FILIPPO BRUNELLESCHI 1377 -
xxxxxThe magnificent dome of Florence cathedral was the work of the Italian architect Filippo Brunelleschi. Despite strong competition, in 1420 he was named chief architect of the dome, and he began at once to build the vast cupola. In the early stages, many considered that his plans were totally unworkable, but by improved scaffolding and the inclusion of an inner shell, the dome was completed in 1436 without any central support. The result was a beautifully proportioned cupola, encased by eight external stone ribs, and pleasing the eye by its grandeur, harmony and classical simplicity. Among other works in the city by Brunelleschi are the Foundling Hospital and the churches of San Lorenzo and Santo Spirito. The classical style of these buildings was the result of a visit to Rome around 1401 with his friend the Italian sculptor Donatello. These classical buildings and the Duomo itself are often regarded as marking the beginning of the Renaissance in Europe, though the first signs of this “rebirth” can be seen long before this time.
xxxxxFilippo Brunelleschi was the Italian artist responsible for the construction of the magnificent cathedral dome that dominates his native city of Florence. His work marks him out as one of the first and one of the greatest of Renaissance architects. He was born into a wealthy family and was well educated. Early on, he trained and worked as a goldsmith and sculptor, and he was one of the seven artists who competed for the commission to make the reliefs for the bronze doors of the Florence Baptistery. Despite his brilliant trial panel -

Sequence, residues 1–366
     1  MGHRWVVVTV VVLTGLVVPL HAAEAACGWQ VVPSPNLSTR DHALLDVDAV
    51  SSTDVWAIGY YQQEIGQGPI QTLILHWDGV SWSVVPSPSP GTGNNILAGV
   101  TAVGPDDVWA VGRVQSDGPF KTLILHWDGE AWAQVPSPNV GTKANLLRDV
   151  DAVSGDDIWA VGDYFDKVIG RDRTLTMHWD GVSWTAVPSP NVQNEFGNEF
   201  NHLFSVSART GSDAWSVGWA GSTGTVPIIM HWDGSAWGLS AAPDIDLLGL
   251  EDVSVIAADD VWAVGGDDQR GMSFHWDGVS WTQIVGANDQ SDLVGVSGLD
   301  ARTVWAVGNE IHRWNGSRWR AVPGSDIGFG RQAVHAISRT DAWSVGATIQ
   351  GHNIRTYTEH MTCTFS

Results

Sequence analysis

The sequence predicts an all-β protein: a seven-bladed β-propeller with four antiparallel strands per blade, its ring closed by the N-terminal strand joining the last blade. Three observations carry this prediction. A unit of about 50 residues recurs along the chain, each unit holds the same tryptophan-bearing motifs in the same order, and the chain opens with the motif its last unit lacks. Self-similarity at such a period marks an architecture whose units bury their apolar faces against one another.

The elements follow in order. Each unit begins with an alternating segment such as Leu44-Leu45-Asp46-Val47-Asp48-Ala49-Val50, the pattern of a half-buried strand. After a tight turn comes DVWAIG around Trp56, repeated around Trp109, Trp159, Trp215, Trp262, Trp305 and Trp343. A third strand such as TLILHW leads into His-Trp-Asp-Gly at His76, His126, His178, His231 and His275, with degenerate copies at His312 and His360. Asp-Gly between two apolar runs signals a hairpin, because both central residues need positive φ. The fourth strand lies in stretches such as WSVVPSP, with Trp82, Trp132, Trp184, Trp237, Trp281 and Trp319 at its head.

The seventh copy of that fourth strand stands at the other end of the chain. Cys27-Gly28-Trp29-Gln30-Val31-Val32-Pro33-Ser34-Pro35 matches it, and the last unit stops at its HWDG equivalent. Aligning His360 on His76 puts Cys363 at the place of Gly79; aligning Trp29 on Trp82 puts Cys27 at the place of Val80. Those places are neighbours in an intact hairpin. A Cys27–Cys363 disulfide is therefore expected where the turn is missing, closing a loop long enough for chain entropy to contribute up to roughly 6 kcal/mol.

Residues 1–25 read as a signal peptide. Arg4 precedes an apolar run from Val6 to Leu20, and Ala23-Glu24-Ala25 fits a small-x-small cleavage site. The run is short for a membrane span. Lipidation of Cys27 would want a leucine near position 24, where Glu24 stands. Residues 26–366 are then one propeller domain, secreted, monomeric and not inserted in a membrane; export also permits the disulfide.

xxxxxBrunelleschi began building the vast cupola of the duomo (the city’s Gothic cathedral) in 1420. Work on the cathedral had begun in 1296 under the direction of the Italian architect Arnolfo di Cambio, but had run into trouble over the structural difficulties encountered in the making of the vault. Despite bitter argument amongst the architects of the day as to how the job should be tackled, no solution was found and the work remained unfinished. In 1418 a competition was held and models were invited to show how a dome could be constructed. Many submitted solutions, including his rival Lorenzo Ghiberti, but this time it was Brunelleschi who won the day. In 1420 he was named chief architect of the dome project, a position he kept until his death in 1446.
xxxxxHis octagonal dome, 130 ft in diameter and 300 ft high, is a masterpiece of construction and a joy to behold. At the drawing-
xxxxxBrunelleschi’s other works include the Foundling Hospital in Florence -
xxxxxFollowing his death in 1446, Brunelleschi was buried in the Basilica de Santa Maria del Fiore, beneath the dome he had planned and built. Just inside the entrance to the cathedral an epitaph reads: “Both the magnificent dome of this famous church and many other devices invented by Filippo the architect bear witness to his superb skill. Therefore, in tribute to his exceptional talents, a grateful country that will always remember him buries him here in the soil below”. Today, the building of the dome for Florence Cathedral, and Brunelleschi’s other works, are often regarded as marking the beginning of the Renaissance in Europe, the rebirth or rediscovery of the art and ideas of the ancient civilisations of Greece and Rome. It must be recognised, however, that signs of a Renaissance or re-
Brunelleschi: detail from St. Peter Enthroned, a fresco by the Italian Renaissance painter Masaccio (1401-